Young and middle-aged women are becoming more stressed than men because of their roles in family life and work.
The increasing stress burden could make it harder for them to recover from a heart attack, according to Yale School of Medicine researchers
“Women tend to report greater stress and more stressful life events than men, potentially because of their different roles in family life and work, as compared to men,” said Xiao Xu, assistant professor in the Department of Obstetrics, Gynecology & Reproductive Sciences at Yale School of Medicine.
“This difference in the level of stress may be an important reason for sex-based differences in recovery after acute myocardial infarction.”
Xu and colleagues studied heart attack patients 18 to 55 years old from a large, diverse network of hospitals in the United States, Spain and Australia.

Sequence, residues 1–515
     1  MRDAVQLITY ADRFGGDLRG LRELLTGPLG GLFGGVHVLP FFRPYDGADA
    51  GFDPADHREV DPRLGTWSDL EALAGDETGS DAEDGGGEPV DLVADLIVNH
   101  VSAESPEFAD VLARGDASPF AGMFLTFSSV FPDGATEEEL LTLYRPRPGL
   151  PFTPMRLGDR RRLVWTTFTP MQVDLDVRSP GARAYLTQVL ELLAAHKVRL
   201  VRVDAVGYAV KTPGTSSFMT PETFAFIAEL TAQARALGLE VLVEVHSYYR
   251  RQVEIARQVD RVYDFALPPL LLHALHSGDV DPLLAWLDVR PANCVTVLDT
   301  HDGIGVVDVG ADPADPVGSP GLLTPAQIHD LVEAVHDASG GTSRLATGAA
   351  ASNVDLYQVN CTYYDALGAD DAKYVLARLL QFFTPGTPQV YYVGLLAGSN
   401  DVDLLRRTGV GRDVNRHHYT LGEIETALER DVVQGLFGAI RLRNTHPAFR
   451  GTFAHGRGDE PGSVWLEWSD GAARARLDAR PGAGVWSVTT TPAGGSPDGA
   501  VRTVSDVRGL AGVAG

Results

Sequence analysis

They measured each patient’s self-perceived psychological stress during the initial hospital stay for AMI
The team also measured each patient’s recovery based on changes in their angina-specific and overall health status between initial hospitalization for AMI and one month after AMI.
Compared with men, women had significantly higher rates of diabetes, chronic lung disease, chronic renal dysfunction, depression, and cancer, as well as previous stents, congestive heart failure, and stroke.
Women were also more likely to have children or grandchildren living in their household, while experiencing greater financial strain.
“Helping patients develop positive attitudes and coping skills for stressful situations may not only improve their psychological well-being, but also help recovery after AMI” said Xu
“Stress management interventions that recognize and address different sources of stress for men and women would be beneficial.”
The findings appear in the current issue of Circulation.